Google’s Executive Chairman Eric Schmidt has asked North Korea to open up more access to the world via the internet if the country hopes to develop its economy, reports the Wall Street Journal.
“As the world becomes increasingly connected, their decision to be virtually isolated is very much going to affect their view of the world,” he told reporters in Beijing Thursday, as he returned from a three-day trip to North Korea with former New Mexico governor Bill Richardson. He added that it would “make it harder for them to catch up economically. We made that alternative very, very clear.”
According to Associated Press, Richardson said that his delegation is pressing North Korea to put a moratorium on missile launches and nuclear tests and to allow more cellphones and an open internet for its citizens.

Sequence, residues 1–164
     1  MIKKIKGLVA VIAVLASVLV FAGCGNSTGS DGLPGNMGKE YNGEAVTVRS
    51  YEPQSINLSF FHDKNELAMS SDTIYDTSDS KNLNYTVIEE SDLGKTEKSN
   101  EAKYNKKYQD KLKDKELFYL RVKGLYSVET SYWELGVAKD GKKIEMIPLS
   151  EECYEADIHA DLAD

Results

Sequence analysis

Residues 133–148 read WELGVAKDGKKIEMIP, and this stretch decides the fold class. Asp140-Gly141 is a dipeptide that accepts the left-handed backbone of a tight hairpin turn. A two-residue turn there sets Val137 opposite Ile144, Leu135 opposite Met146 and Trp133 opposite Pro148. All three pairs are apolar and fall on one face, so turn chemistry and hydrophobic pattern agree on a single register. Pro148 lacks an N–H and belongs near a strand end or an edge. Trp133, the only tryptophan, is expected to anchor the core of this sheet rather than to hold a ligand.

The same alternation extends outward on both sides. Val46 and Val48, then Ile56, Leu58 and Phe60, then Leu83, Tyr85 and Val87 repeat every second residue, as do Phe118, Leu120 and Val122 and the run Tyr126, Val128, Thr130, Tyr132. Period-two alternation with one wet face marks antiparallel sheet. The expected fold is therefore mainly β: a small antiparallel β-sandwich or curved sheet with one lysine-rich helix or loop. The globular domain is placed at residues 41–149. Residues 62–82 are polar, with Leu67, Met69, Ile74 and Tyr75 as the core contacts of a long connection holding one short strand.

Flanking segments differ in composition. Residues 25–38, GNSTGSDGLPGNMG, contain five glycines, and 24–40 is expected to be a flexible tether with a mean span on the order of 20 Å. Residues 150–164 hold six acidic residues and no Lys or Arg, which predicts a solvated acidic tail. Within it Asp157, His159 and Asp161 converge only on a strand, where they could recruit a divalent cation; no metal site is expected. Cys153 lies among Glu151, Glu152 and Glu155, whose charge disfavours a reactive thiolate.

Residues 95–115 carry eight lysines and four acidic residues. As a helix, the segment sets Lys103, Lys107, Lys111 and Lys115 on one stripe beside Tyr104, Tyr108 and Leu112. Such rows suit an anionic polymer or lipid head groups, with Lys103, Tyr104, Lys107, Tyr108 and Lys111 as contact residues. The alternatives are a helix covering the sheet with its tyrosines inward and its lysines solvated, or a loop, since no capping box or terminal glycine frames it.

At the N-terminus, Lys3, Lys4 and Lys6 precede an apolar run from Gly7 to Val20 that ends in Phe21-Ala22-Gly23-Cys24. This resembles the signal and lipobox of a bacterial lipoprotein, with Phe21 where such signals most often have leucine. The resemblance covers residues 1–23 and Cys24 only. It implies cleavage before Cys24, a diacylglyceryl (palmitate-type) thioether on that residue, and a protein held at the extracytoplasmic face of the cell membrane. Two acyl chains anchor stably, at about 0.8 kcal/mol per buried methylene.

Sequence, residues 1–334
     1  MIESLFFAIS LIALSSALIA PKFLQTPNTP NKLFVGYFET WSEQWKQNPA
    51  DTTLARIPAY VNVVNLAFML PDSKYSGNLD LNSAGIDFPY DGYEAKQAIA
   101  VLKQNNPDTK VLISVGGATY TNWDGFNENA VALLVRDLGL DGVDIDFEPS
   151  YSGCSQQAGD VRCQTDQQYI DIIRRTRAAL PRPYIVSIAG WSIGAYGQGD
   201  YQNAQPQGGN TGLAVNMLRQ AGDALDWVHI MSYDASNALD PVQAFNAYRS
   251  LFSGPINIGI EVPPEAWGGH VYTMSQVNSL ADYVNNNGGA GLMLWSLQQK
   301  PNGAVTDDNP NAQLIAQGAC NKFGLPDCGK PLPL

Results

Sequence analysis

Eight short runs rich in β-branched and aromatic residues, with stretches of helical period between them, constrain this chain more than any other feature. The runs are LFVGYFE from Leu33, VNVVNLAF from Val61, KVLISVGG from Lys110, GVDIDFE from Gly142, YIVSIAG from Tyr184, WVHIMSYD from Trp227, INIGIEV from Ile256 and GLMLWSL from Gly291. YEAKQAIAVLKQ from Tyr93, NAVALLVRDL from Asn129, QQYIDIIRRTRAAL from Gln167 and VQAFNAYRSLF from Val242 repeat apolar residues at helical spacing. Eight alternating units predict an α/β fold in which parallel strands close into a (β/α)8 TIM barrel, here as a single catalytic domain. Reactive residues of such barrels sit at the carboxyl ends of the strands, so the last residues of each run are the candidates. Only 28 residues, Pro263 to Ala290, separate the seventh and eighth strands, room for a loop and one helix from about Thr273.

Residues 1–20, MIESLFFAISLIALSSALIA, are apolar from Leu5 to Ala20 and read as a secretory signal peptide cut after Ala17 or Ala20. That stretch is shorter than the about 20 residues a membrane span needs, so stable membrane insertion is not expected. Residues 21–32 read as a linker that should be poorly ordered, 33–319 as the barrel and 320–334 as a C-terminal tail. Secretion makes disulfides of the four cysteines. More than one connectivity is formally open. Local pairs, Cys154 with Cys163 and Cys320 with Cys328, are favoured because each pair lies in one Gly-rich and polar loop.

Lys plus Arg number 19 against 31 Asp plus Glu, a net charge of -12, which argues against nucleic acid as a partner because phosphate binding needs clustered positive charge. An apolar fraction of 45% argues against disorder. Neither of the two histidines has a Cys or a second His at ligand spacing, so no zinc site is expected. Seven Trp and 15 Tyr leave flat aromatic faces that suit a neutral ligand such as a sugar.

“The citizens of the DPRK (North Korea) will be better off with more cell phones and an active internet. Those are the … messages we’ve given to a variety of foreign policy officials, scientists” and government officials, Richardson said.
Most North Koreans have never logged onto the internet, and the country’s authoritarian government strictly limits access to the World Wide Web.
Schmidt called his trip “a private visit to North Korea to talk about the free and open internet”, a sentiment consistent with Google’s mission to open up access to the web.